Babette’s Feast: the very end, when the dinner party breaks up, and the sisters tell Babette that in heaven, she’ll get to be the great artist she was meant to be on earth. And we see that all the characters have had to set aside their ambitions and become something other than what they wanted to be, and yet there they are, looking up at the stars, looking at each other. That gets me every single time.

The reliable laughter moments are more frequent and thus harder to list off the top of my head. However: too many scenes in O Brother, Where Art Thou? to enumerate, and pretty much all of Jack Black’s dialogue in High Fidelity. And I am geeky enough to still chortle at Monty Python after all these years. (Favorite bit from The Life of Brian: "You don’t have to follow me! You’re all individuals!" Crowd, in unison: "Yes! We’re all individuals!" One lone voice in the background: "I’m not.")

If we expand it to include books as well as movies: The last few paragraphs of Joyce’s "The Dead" always, always make me choke up ("Yes, the newspapers were right: snow was general all over Ireland…"). And — oddly, considering what a heathen I am — so does Milton’s Nativity Ode, especially stanzas 12 through 16 or thereabouts, and the very ending of Paradise Lost. If we expand it to include music, I invariably start to weep partway through the trio in Act 3 of Der Rosenkavalier (to pick one among many instances), not that regular readers of this blog don’t know that already.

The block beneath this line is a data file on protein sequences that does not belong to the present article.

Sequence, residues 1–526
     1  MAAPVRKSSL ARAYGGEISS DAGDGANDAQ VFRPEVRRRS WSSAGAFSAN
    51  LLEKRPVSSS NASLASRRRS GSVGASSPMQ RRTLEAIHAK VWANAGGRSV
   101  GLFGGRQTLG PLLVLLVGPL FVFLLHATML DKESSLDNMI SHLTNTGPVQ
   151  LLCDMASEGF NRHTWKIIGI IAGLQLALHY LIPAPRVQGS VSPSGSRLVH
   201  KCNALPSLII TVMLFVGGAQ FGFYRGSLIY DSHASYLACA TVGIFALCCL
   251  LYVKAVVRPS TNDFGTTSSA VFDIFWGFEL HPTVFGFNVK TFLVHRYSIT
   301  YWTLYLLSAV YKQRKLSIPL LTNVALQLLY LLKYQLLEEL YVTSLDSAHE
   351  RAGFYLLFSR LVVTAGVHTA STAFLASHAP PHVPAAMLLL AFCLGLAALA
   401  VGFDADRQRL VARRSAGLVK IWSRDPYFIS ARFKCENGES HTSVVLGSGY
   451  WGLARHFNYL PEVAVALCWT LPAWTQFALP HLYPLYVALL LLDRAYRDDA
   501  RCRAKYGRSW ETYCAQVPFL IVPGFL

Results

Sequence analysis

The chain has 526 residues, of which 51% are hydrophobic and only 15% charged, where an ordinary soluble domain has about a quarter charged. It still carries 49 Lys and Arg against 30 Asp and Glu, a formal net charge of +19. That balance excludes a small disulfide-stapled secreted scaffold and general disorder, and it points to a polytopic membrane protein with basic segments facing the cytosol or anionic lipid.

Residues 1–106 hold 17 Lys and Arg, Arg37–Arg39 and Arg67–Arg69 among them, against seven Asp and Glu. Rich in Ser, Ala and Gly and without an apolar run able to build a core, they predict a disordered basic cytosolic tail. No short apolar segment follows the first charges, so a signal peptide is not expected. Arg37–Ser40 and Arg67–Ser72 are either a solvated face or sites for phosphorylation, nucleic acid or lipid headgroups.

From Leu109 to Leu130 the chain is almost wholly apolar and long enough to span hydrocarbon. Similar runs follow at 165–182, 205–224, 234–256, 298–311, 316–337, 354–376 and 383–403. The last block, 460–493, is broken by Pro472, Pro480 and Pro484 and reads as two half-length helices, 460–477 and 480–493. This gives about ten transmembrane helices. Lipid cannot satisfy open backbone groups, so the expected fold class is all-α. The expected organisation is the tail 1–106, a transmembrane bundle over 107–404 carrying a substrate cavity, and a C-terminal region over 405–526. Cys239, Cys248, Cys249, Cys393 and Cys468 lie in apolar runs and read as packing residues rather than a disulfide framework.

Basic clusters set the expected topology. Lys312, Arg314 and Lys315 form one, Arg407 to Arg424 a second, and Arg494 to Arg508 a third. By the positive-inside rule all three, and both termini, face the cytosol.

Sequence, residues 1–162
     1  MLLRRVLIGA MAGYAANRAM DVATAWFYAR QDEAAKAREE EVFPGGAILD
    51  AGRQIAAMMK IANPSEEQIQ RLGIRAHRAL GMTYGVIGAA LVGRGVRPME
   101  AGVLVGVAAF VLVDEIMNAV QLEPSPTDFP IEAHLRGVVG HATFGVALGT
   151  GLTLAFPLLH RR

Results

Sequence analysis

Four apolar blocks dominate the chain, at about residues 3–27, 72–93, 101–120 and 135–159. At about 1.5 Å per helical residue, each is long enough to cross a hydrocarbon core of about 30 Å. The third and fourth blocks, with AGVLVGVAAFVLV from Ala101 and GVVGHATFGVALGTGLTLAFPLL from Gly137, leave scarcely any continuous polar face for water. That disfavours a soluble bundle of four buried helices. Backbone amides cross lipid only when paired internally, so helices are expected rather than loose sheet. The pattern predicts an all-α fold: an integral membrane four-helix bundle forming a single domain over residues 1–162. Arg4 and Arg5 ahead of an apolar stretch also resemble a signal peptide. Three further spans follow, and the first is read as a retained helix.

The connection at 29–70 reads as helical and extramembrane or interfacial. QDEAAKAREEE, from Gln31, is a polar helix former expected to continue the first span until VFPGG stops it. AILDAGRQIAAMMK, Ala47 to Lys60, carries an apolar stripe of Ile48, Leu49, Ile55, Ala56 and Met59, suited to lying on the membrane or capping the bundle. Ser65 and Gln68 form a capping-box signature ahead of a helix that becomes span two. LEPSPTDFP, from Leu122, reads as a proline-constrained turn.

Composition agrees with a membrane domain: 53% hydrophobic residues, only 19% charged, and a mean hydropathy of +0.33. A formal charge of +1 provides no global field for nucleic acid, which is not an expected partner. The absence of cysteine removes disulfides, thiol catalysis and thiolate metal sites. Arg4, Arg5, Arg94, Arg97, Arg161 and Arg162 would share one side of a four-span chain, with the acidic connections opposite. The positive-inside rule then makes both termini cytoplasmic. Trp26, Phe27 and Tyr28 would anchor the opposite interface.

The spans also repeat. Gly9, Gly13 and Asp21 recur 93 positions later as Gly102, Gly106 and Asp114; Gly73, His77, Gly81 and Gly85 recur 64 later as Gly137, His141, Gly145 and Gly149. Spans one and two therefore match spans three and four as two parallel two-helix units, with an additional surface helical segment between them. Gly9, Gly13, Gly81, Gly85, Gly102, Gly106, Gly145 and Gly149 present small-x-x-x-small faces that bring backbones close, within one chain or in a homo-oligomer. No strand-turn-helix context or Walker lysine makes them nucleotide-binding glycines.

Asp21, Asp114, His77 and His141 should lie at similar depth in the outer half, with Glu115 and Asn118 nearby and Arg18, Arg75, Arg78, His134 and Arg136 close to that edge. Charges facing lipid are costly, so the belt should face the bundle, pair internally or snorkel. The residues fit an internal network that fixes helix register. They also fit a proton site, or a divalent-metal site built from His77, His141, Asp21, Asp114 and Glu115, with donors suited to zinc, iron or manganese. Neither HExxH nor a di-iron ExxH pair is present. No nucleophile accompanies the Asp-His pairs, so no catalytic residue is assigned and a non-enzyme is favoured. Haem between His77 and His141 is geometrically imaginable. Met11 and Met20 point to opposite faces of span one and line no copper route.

Over to you, Reader. What are yours?

If only…

Now if only I had specialized in the Romantic period rather than the early modern, and if only I had major work experience in special collections, I would be all over this job in a heartbeat. I’m not a match for it, but still: curating a Shelley collection! At the New York Public Library! How fabulous would that be?

Further LibraryThing musings

I’ve nearly finished entering the data about my books into LibraryThing. Some additional thoughts I’ve had while cataloging:

The social data aspect of this is fascinating. I’m sure I’m not the only user who’s had the experience of entering a title, seeing that nobody else has it, and then noticing weeks later that someone else has added it to their collection. It’s a small but definite thrill to see that somebody else has a really obscure out-of-print book that you thought nobody else had ever heard of. It’s like scoping out someone’s bookshelves when you visit their house for the first time and seeing a shared book you weren’t expecting to see.